Mammal

Review by David Jenkins @daveyjenkins

Directed by

Rebecca Daly

Starring

Barry Keoghan Michael McElhatton Rachel Griffiths

Anticipation.

Rebecca Daly’s follow-up to 2011’s The Other Side of Sleep.

Enjoyment.

The thinness of its concept becomes evident too quickly.

In Retrospect.

Will still be interesting to see what Daly does next.

This dour showcase for Australian actor Rachel Griffiths is a drama of grief and motherhood that is subtle with a capital S.

There’s a certain type of movie that, for actors, seems like a form of community service. Getting back to your roots is how they often put it. All that glitz, glamour and luxury winnebagos can become tiresome after a while, so you need to do a movie that offers a rickety deckchair, a Thermos flask of milky tea and you have to do your own make-up. Rachel Griffiths, the Australian actor known best for her role in the long-running TV serial, Six Feet Under, is returning to cinema’s grim coalface with Mammal.

Rebecca Daly’s film isn’t necessarily produced on that shoe-string budget level, but at times it certainly does feel like it. It’s the story Margaret, a charity shop worker and avid swimmer who has recently split up with her husband for reasons which only become clear later in the story. Consumed by loneliness and the crippling effects of grief, she decides to help young latchkey loner Joe (Barry Keoghan) after he is beaten to a pulp in an alleyway. He scurries off once she has nursed him back to health, but they keep bumping in to one another, and a awkward inter-generational relationship forms.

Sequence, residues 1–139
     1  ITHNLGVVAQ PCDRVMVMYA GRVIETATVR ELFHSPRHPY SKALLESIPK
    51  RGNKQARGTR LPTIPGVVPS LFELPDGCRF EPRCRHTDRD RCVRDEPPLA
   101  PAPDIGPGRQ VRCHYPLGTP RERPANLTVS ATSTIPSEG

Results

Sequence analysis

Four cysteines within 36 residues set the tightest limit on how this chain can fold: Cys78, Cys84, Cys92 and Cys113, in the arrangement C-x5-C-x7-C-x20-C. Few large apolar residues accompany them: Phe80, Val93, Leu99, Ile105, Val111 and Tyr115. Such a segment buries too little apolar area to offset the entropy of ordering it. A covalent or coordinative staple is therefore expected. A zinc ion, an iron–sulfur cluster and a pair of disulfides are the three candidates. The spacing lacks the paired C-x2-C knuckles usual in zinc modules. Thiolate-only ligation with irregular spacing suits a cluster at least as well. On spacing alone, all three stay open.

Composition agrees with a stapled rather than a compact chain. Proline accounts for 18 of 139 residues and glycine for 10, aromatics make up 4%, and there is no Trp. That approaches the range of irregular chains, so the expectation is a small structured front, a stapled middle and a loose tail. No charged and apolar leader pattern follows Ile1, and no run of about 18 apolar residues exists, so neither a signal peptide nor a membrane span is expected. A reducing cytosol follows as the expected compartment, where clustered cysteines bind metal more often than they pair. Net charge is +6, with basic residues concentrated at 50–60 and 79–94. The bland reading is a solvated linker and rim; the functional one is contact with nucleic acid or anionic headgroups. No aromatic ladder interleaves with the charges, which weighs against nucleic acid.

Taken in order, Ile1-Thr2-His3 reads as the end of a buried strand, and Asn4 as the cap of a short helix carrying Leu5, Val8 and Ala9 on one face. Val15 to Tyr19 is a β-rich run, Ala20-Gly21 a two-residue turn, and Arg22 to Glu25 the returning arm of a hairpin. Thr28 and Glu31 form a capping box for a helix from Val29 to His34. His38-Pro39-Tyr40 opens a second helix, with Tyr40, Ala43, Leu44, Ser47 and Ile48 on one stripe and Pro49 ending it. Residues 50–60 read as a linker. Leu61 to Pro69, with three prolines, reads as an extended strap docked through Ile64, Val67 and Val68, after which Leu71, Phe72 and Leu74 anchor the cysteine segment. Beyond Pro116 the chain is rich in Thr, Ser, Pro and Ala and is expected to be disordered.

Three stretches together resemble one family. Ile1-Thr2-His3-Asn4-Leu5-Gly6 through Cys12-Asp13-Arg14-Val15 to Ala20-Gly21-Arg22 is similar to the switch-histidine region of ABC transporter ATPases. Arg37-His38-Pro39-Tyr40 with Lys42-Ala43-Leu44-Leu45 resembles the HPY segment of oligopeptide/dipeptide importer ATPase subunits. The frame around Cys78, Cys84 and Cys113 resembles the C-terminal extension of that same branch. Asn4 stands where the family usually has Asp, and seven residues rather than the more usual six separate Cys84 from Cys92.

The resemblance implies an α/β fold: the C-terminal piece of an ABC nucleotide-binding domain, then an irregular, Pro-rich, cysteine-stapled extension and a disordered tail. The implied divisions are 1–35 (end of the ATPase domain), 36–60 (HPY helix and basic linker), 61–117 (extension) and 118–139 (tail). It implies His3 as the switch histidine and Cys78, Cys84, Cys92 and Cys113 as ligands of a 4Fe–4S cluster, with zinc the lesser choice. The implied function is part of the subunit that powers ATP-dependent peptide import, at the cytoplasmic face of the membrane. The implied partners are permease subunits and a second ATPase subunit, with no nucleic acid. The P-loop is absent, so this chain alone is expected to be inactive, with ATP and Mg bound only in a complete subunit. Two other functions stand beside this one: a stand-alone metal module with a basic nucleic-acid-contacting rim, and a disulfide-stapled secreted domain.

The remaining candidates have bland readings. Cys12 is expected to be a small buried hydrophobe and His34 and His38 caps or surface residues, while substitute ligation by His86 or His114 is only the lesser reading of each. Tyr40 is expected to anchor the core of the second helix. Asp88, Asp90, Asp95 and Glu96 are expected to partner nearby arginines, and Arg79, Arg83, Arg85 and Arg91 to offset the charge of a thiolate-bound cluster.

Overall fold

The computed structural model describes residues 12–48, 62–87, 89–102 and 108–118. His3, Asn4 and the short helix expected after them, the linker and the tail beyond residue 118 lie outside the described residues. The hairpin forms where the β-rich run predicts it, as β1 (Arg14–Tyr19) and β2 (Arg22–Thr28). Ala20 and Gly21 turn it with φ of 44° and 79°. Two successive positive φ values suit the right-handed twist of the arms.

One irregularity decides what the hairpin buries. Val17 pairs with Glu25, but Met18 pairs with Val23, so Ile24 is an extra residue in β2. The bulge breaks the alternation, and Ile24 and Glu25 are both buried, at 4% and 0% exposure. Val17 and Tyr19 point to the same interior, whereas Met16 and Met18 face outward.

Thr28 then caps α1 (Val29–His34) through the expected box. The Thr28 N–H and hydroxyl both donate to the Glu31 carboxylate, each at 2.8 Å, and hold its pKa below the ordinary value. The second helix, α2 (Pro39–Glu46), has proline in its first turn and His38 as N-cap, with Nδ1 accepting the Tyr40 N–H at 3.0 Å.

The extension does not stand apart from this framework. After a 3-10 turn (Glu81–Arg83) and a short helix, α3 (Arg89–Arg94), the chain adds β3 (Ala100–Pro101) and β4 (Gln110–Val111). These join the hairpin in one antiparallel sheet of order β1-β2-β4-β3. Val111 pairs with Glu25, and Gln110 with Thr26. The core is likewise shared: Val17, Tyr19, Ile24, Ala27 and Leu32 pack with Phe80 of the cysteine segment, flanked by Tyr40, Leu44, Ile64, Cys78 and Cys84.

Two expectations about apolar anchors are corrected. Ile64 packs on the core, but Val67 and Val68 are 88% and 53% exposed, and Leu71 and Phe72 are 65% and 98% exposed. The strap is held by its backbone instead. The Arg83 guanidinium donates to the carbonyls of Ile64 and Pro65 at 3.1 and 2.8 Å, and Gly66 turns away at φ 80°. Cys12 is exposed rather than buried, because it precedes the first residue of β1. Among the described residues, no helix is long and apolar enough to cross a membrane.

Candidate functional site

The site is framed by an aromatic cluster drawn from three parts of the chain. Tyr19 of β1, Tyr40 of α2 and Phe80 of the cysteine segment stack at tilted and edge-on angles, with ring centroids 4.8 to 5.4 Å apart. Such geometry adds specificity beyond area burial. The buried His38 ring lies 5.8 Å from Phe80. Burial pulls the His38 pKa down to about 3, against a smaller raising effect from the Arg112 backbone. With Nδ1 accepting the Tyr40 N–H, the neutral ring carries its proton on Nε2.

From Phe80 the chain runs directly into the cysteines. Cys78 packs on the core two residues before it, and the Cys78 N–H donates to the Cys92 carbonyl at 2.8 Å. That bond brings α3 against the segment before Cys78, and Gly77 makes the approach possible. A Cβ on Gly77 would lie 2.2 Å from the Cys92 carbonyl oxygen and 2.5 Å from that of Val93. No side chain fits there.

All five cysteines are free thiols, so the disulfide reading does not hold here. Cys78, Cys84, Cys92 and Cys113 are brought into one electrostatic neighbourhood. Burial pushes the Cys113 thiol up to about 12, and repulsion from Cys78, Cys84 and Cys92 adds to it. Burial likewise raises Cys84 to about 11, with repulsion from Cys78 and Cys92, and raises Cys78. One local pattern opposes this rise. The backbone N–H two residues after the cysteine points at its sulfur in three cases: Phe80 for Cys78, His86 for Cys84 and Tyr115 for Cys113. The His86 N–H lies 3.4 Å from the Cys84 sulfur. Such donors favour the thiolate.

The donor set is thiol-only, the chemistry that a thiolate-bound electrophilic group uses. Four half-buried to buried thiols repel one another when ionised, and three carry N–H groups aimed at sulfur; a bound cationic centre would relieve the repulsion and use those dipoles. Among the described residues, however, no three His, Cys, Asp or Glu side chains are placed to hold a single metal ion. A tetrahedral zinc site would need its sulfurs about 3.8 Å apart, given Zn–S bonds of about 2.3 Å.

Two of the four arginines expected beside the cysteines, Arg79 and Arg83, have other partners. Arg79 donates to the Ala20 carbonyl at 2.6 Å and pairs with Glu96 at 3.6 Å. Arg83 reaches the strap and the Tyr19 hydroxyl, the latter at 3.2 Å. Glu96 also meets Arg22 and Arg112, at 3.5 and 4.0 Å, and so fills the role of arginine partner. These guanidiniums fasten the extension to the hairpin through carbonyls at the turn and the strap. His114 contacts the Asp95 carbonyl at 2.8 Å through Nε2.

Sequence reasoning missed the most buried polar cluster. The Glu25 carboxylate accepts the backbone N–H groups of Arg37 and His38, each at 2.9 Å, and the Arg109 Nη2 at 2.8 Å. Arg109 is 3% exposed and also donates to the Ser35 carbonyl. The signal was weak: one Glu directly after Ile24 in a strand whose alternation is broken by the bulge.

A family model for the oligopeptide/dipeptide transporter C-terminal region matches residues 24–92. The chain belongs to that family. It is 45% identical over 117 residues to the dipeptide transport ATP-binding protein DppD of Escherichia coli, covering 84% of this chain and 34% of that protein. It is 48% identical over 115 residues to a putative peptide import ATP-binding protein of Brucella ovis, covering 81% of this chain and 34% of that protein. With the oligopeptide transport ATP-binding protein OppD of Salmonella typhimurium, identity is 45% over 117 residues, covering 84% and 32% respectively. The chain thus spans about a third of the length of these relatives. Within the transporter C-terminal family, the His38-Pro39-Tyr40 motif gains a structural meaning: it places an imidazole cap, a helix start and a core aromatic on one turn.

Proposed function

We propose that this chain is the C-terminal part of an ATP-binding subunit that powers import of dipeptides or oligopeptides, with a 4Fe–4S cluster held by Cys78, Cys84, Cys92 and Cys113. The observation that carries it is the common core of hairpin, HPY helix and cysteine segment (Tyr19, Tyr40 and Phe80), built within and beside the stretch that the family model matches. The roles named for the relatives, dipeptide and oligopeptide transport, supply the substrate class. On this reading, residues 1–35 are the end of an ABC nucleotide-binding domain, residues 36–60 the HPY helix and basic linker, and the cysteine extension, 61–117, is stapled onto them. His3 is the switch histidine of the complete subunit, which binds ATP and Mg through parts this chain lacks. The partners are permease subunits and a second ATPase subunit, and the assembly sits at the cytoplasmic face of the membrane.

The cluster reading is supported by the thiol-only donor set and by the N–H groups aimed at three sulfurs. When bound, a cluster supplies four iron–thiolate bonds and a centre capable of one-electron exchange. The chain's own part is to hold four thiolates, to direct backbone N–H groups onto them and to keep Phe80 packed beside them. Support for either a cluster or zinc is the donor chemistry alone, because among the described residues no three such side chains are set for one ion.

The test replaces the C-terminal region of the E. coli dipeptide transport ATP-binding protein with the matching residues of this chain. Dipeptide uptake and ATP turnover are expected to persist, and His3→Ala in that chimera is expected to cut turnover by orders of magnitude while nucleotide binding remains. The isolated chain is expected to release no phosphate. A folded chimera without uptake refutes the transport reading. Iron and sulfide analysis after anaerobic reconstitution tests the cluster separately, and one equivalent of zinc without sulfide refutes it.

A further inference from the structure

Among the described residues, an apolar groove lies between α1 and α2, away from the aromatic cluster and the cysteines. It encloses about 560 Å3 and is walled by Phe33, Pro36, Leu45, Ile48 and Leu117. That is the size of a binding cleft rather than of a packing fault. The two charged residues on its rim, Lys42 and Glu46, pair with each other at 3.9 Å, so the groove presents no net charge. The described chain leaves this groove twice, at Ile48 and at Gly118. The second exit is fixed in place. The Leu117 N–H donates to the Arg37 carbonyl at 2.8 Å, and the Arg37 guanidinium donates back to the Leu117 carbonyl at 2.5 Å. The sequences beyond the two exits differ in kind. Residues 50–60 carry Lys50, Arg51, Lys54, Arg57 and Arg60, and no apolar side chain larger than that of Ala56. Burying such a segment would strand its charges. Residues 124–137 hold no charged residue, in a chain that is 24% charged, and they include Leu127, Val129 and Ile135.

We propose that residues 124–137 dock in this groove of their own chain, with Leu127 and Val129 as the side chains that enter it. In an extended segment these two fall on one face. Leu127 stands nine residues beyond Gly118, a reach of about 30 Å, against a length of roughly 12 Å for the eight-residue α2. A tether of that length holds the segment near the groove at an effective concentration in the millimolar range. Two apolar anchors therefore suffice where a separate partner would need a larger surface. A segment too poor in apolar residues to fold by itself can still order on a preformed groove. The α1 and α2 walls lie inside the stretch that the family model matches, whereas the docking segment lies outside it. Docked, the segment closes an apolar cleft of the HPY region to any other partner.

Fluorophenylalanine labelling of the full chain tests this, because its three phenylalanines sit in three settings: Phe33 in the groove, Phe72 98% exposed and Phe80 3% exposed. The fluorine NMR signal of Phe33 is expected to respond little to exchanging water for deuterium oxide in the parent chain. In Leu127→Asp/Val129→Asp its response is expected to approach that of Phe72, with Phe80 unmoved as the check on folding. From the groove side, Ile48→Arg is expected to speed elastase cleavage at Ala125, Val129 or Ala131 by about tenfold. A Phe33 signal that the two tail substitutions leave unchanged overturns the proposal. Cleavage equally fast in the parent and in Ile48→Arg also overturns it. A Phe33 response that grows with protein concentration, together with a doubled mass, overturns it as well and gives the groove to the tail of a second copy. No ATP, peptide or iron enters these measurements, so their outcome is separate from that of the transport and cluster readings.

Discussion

Committed to a level of strained dourness that feels unique to the confines of cinema, Daly ends up over-egging the numerous scenes of anguish and despair. Even though the nature of the central relationship is supposed to be built around a lattice-work of glances, brushes of bodily contact and just a few words, the subtlety always feels forced. Nothing is left to chance, and scenes linger on for longer than they need to. The emphasis placed on a moment when the power relation suddenly flips is almost laughably overstated.

Griffiths is good and she does what she needs to do, though the film never for a moment feels emotionally or psychologically credible. A scene near the end of the film sees a slobbish neighbour choosing to leave her baby in the street while she goes on a quick drive with Joe, and it’s a staggeringly inept and offensive piece of writing, included as a way to place Margaret in yet another awkward and humiliating situation. Its themes of motherhood, again, are delivered with all the nuance of an articulated lorry.

Published 31 Mar 2016

Anticipation.

Rebecca Daly’s follow-up to 2011’s The Other Side of Sleep.

Enjoyment.

The thinness of its concept becomes evident too quickly.

In Retrospect.

Will still be interesting to see what Daly does next.

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